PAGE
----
City of Adelaide – Clipper Ship

City of Adelaide Clipper

The oldest surviving clipper ship, the ‘City of Adelaide’ is now in Port Adelaide. She arrived in Australian waters on a heavy lift ship covered in quarantine wrap in January 2014, back for the first time in 125 years.

The oldest surviving clipper ship, the ‘City of Adelaide’ is now in Port Adelaide. She arrived in Australian waters on a heavy lift ship covered in quarantine wrap in January 2014, back for the first time in 125 years.

The City of Adelaide (1864) and Cutty Sark (1869) are the last two clipper ships surviving in the world today. One of only four surviving sailing ships to have taken emigrants from the British Isles to any destination in the world – the others are the Edwin Fox, Star of India and SS Great Britain (also a steamer).

Sourced from Wikipedia – City of Adelaide (1864)

Over two decades the City of Adelaide carried English, Scottish, Cornish, German, Danish, Irish and other migrants as well as imported trade goods into South Australia, then carrying South Australian exports such as copper, wool and wheat to Britain on the return voyages.

In the 1920s the City of Adelaide was renamed HMS Carrick and used as a navy training ship in Scotland, the hull was rotting on the banks of the Clyde until a restoration project.

 It will now take on-going conservation work to preserve her for future generations. It is hoped that a seaport village in the inner harbour of Port Adelaide is to be established, where not only will the ship be displayed, people will be able to visit.

Composite Shipbuilding

 By the beginning of the nineteenth century shipbuilders began using iron components in wooden vessel construction. A patent from 1849 saw a shipbuilder named John Jordan specify the first vessel with a complete iron frame. The Tubal Cain was one of the early vessels built under this patent and launched in 1851. Interestingly this ship was sunk in a collision 200 miles WSW of Cape Otway in August of 1862. The firm of Jordan and Getty left the business, but others carried on developing composite shipbuilding principles, notable amongst these was Alexander Stephen Jr.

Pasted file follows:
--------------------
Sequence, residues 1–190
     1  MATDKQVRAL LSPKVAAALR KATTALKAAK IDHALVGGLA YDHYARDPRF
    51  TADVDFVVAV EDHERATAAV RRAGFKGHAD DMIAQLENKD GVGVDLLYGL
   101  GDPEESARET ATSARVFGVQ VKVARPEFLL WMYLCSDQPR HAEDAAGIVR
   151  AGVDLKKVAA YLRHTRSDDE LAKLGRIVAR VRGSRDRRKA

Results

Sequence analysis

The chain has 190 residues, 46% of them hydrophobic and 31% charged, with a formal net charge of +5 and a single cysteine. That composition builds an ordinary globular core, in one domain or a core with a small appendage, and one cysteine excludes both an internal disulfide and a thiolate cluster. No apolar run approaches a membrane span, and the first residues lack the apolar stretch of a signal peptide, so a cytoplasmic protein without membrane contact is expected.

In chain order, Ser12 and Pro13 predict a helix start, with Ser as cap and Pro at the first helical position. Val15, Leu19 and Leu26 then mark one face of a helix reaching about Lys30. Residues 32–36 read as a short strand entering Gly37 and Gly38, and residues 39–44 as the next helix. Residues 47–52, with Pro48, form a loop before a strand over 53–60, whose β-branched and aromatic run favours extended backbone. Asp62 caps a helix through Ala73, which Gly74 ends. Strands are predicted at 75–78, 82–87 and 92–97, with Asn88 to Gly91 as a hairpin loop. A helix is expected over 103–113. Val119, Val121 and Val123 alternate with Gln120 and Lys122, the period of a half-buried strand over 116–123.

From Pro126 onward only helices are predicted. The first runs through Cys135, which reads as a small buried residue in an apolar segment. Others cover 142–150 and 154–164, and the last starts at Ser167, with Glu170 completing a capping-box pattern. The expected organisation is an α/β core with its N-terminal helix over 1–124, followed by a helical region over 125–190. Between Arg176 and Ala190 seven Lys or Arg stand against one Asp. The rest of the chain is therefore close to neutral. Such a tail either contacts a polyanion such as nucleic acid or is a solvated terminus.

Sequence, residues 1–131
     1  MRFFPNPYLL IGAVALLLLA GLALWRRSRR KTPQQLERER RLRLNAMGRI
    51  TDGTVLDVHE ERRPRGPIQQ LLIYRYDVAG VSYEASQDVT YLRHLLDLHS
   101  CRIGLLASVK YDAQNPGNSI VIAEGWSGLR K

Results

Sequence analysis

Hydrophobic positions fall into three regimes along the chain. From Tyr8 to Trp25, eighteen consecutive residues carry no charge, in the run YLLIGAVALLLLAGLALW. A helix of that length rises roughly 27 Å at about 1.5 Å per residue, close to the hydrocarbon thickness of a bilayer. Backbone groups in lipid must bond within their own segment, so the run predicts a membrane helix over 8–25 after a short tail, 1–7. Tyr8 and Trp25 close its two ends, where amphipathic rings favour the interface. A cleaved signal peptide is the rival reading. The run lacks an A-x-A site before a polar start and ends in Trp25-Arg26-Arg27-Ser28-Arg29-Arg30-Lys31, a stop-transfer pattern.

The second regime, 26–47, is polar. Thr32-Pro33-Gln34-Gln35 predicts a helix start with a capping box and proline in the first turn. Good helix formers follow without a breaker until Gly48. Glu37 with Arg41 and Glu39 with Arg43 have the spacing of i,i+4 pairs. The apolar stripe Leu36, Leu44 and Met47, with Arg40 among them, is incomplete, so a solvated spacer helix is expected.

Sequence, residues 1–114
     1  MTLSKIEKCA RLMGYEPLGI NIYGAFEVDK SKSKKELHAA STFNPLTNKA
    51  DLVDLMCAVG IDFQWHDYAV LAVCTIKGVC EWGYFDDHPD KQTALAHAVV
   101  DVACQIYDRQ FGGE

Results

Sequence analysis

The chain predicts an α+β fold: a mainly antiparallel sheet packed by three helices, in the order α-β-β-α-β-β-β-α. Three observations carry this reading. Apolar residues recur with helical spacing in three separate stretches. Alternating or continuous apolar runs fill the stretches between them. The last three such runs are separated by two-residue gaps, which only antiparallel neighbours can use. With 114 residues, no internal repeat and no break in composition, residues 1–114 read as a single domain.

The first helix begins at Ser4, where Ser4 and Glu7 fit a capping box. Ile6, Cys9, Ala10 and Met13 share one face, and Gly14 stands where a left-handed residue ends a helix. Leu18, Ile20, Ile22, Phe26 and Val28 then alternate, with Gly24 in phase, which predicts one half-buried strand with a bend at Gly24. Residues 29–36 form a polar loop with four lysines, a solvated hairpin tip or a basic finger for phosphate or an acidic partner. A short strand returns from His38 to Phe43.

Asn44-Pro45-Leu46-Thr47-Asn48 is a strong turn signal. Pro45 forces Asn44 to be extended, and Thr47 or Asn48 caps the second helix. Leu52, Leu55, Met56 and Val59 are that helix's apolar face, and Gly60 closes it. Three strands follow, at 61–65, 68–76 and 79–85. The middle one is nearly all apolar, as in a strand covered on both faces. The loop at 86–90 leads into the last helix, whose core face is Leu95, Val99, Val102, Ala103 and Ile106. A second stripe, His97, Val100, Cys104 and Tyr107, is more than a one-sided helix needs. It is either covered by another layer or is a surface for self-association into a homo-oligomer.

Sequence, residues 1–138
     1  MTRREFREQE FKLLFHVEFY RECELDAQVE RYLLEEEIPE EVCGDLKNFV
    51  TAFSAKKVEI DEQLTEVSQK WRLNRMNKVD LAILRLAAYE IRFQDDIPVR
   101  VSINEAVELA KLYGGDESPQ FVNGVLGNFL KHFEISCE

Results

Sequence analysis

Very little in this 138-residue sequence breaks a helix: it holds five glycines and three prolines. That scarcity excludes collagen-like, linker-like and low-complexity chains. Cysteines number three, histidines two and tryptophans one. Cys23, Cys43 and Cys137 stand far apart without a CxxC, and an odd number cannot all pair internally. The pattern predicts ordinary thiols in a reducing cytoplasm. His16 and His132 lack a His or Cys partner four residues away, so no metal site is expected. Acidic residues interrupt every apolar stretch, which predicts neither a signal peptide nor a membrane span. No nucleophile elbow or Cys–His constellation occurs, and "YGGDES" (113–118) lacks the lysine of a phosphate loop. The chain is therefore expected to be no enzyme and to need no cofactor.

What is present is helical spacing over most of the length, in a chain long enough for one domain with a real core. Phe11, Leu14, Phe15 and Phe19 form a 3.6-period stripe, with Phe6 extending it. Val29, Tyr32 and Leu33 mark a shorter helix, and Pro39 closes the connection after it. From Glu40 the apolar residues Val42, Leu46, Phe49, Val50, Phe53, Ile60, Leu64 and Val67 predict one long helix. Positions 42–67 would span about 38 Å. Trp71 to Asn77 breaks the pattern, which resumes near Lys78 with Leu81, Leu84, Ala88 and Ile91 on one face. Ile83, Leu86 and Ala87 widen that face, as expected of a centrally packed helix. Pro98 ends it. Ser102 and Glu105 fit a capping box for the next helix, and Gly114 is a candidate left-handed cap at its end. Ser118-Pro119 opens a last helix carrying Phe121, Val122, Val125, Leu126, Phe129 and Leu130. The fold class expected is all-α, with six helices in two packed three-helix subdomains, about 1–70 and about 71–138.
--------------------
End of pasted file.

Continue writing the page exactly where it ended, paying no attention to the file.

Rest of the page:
Through the early 1860’s Alexander developed and refined composite construction and was finally able to get recognition and ultimate endorsement from Lloyds for this form of ship construction. However it wasn’t until 1867 that they finally issued their rules for composite construction. Until then all such vessels were labelled “experimental”.

One of the early problems that shipbuilders had to address was the corrosion of iron frames through contact with non-ferrous bolts. One of the factors favouring composite construction over the parallel developing iron construction involved hull fouling. A timber planked, but iron framed, vessel could be clad in copper or “yellow metal” over the underwater portion, this controlled the growth of hull fouling organisms. This meant the ship could make faster passages, without the constant need to be slipped or careened to clean the bottom. At this point in time there were no anti-fouling paints.

The remaining examples of this important, but short era of shipbuilding, are the City of Adelaide (built in 1864) and the Cutty Sark (built in 1867). Both these vessels are equally important to the development of composite vessels.

Lloyds Survey of 1864

The City of Adelaide is a composite built vessel, timber planked over an iron framework. She was built by William Pile, Hay and Co. at Sunderland. Her principle dimensions, taken from her original Lloyds Survey of June 3r 1864, are as follows:

Tonnage (new) 791.33 tons

Length aloft 176.8 ft (53.89 m)

Extreme breadth outside 33.35 ft (10.17 m)

Depth of hold 18.8 ft (5.73 m)

The vessel was built under Special Survey between the 1st October 1863 and June 3rd 1864.

Timbers Used in Construction

A number of species of timber were used in the vessels construction:

· Her Keel was made of Elm and American Elm

· The main piece of the Rudder is of English Oak

· The main piece of the Windlass is of teak

· The Stem and Stern post are of English Oak

· The Knight Heads and Hawse Chocks are of English Oak

· The Deadwood is of American Elm, Teak and English Oak

· Planking from Keel to (possibly turn of bilge) is of American Elm

· Planking from that point to the Light Water Mark is of German Oak

· Planking from Light Water Mark to the Wales Is of Teak

· The Wales and Black Strakes are of Teak

· The Topsides and Sheer Strakes are of Teak

· The Spirketting and Plank Sheers are of Teak

· The Water-ways are of Teak

The Decks are of Yellow Pine

The hull below the waterline was sheathed in Yellow Metal and Felt in May of 1864.

Signal Code

in 1855 the British Board of Trade developed a new set of signals. What they came up with was a system of eighteen codes flags representing the eighteen consonants of the English alphabet. By allocating a four letter code to every ship, and listing these too in the Mercantile Navy List for each ship, it was easy for a ship to identify itself by hoisting four flags in a single hoist.

In the case of the City of Adelaide, when she was built in 1864 and registered, she was assigned the official British Registration number 50036 and signal WCLQ.

This article was originally published by Sydney Model Shipbuilders Club. The copyright remains with the club and contributor.

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